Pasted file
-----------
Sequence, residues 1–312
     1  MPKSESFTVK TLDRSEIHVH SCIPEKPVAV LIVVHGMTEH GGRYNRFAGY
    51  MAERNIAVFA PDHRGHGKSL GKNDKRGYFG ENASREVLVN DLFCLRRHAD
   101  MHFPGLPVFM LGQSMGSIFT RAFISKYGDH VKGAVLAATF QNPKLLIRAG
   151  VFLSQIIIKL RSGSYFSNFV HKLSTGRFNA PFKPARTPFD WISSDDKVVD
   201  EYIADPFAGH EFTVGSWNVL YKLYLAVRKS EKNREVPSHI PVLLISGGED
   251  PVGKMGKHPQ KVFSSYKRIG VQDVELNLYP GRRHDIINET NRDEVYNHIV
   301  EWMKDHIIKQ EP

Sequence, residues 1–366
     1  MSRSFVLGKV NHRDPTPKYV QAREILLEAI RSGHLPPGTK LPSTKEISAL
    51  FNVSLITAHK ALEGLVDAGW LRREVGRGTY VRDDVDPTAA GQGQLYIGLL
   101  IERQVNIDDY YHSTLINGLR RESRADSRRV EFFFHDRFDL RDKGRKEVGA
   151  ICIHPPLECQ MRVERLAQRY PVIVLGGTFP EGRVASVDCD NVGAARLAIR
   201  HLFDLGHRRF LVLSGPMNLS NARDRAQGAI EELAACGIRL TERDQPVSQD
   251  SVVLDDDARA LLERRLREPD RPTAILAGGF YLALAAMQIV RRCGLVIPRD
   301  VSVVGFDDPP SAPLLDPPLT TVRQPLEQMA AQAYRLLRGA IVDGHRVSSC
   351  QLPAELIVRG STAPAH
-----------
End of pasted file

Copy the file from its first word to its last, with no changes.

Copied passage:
Sequence, residues 1–312
     1  MPKSESFTVK TLDRSEIHVH SCIPEKPVAV LIVVHGMTEH GGRYNRFAGY
    51  MAERNIAVFA PDHRGHGKSL GKNDKRGYFG ENASREVLVN DLFCLRRHAD
   101  MHFPGLPVFM LGQSMGSIFT RAFISKYGDH VKGAVLAATF QNPKLLIRAG
   151  VFLSQIIIKL RSGSYFSNFV HKLSTGRFNA PFKPARTPFD WISSDDKVVD
   201  EYIADPFAGH EFTVGSWNVL YKLYLAVRKS EKNREVPSHI PVLLISGGED
   251  PVGKMGKHPQ KVFSSYKRIG VQDVELNLYP GRRHDIINET NRDEVYNHIV
   301  EWMKDHIIKQ EP

Sequence, residues 1–366
     1  MSRSFVLGKV NHRDPTPKYV QAREILLEAI RSGHLPPGTK LPSTKEISAL
    51  FNVSLITAHK ALEGLVDAGW LRREVGRGTY VRDDVDPTAA GQGQLYIGLL
   101  IERQVNIDDY YHSTLINGLR RESRADSRRV EFFFHDRFDL RDKGRKEVGA
   151  ICIHPPLECQ MRVERLAQRY PVIVLGGTFP EGRVASVDCD NVGAARLAIR
   201  HLFDLGHRRF LVLSGPMNLS NARDRAQGAI EELAACGIRL TERDQPVSQD
   251  SVVLDDDARA LLERRLREPD RPTAILAGGF YLALAAMQIV RRCGLVIPRD
   301  VSVVGFDDPP SAPLLDPPLT TVRQPLEQMA AQAYRLLRGA IVDGHRVSSC
   351  QLPAELIVRG STAPAH